Thanks to surviving Japanese officers such as Maj. Horie, much is known of the defensive strategy of Lt.Gen. Kuribayshi, who adopted an attritive approach emphasizing the wearing down of invading forces gradually, rather than mounting a counterattack on D-Day designed to drive them back into the sea.  It would be wrong, however, to presume that this meant the Japanese defenders wouldn't make the approach to the beach as costly as possible.  The men of the Gunfire and Covering Task Force (TF 54) learned this the hard way on midmorning of the 17th, D-2, when the battleship Tennessee (BB 43) and the cruiser Pensacola (CA 24) took fire from shore batteries.  Pensacola took six hits in a matter of minutes from a 15-centimeter battery.  Pensacola's combat information center took a direct hit as well as one of her planes and five-inch guns.  Seventeen crew members were killed, including her executive officer, and 120 were wounded.
Anti-aircraft gunfire over Iwo Jima during the pre-invasion bombardment and minesweeping phase of the operation, circa February 17-18, 1945. Note what appears to be a burning airplane low over the ground at right, Mount Suribachi in the center and minesweepers (an AM and three YMS) at work at left. (NH 104144, Naval History and Heritage Command)
While this was going on, 12 tiny minesweepers of Task Group 52.3, the mine task group, closed to 5,000 yards of the island's southwestern coast protected by a line of seven destroyers parallel to the invasion beach only 3,000 yards offshore.  At 1035, seven small Landing Craft Infantry Gunboats (LCI[G]) equipped with 4.5-inch rockets and Bofors 40mm guns crossed the destroyer line, line abreast, under a operation plan drawn up by Lieutenant Commander Draper L. Kauffman, who had led UDT operations during the invasions of Saipan, Tinian, and Guam.   Orienting themselves broadside to the beach, they opened fire at 1045, roughly 2,000 yards from the black cinder sands.  At that moment they came under intense fire from shore batteries that had somehow remained untouched during the months of aerial bombing and the previous day's continuous gunfire.  Every gunboat was hit, so five more that had been held back in reserve were sent in.  LCI(G) 474 barely made it back to the destroyer line before it rolled over and sank.  Another one, which had taken a direct hit to the bridge, raced out to sea out of control.   One of the destroyers, USS Leutze, also took a direct hit, paralyzing the captain instantly when shrapnel ripped into his neck, and wounded four others.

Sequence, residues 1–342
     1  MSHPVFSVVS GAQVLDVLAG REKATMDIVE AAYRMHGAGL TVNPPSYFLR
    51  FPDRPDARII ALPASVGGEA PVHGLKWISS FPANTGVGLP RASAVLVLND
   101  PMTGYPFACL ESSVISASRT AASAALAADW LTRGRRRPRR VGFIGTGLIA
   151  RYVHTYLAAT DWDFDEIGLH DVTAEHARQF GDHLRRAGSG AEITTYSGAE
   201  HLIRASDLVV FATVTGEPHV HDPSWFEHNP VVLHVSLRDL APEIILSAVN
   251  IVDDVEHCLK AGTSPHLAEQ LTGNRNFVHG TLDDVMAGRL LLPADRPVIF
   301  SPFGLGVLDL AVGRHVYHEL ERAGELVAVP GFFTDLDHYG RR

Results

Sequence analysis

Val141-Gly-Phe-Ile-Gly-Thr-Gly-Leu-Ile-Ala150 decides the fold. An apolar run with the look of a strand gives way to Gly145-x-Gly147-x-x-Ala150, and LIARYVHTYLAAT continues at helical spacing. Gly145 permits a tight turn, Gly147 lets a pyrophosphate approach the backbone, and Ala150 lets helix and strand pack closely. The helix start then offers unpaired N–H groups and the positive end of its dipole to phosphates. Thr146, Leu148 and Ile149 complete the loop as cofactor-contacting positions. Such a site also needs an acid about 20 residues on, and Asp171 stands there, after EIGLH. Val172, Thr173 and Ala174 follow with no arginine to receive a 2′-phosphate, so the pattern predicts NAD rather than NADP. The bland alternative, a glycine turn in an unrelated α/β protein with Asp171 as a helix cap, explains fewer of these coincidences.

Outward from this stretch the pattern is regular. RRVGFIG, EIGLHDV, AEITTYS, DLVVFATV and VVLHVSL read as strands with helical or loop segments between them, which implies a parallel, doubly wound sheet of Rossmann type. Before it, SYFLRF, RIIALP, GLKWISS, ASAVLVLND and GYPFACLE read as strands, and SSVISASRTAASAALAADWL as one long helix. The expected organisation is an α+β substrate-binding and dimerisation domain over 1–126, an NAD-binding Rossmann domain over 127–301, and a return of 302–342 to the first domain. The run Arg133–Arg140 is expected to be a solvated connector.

While the LCIs pounded away at the beach at their closest approach, UDT swimmers in wooden boxy-looking Landing Craft Personnel (Large) emerged from their wake and drew to 700 yards from the beach, where the frogmen would lower their rubber boats over the side and furiously paddle even closer in.  Despite the maelstrom of shrapnel, fire and smoke above their heads, the UDT mission was not about shooting.  It was about sounding out what was under them.  As a book called Battle Report:Victory in the Pacific, Vol. 5 (1946) put it:

The task of these brawny men, armed with only a knife and clothed only in swimming trunks, was a difficult and important one.  Feeling their way towards the beaches–sometimes even as far in as the breaking surf–they searched for shallow water mines and underwater obstacles, either man-made or natural; they took careful note of the beaches, the kind of sand, the slope of the bottom, the surf conditions; they noted the direction of the currents and surveyed the contour of the land.  With the information brought back by these swimmers, information impossible to obtain from photographs, the last pieces of the landing mosaic were fixed together.